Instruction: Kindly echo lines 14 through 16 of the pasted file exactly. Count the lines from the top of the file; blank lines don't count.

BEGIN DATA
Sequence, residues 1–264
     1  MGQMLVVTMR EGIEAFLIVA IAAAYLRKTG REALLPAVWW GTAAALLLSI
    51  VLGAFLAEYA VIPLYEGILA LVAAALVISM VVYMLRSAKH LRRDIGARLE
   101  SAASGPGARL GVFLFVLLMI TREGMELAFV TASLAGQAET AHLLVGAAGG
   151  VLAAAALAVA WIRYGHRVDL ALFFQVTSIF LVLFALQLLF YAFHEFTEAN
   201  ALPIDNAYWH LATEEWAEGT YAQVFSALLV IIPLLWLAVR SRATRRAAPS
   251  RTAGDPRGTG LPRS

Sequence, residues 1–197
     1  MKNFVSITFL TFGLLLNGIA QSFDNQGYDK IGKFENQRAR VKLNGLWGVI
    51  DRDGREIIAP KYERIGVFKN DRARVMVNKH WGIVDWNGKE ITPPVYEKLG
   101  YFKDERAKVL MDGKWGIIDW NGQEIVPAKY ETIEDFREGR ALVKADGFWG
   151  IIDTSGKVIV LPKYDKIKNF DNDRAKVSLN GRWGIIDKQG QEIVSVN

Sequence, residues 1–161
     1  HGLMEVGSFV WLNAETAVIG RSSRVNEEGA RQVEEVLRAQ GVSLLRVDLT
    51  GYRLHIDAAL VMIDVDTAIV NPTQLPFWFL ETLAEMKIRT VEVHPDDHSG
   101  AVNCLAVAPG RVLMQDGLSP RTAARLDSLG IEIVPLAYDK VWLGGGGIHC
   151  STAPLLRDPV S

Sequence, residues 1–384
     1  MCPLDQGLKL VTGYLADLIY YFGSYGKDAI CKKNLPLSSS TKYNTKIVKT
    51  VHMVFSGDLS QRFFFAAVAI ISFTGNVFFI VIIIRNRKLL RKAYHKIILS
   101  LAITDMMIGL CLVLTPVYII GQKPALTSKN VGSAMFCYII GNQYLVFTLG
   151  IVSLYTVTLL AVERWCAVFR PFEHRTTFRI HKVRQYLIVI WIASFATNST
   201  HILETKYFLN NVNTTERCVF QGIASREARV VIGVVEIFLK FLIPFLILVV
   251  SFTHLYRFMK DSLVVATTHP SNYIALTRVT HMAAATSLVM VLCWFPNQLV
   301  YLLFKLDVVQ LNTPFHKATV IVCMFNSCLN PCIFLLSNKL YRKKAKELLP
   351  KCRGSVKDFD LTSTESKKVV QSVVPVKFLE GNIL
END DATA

     1  HGLMEVGSFV WLNAETAVIG RSSRVNEEGA RQVEEVLRAQ GVSLLRVDLT
    51  GYRLHIDAAL VMIDVDTAIV NPTQLPFWFL ETLAEMKIRT VEVHPDDHSG
   101  AVNCLAVAPG RVLMQDGLSP RTAARLDSLG IEIVPLAYDK VWLGGGGIHC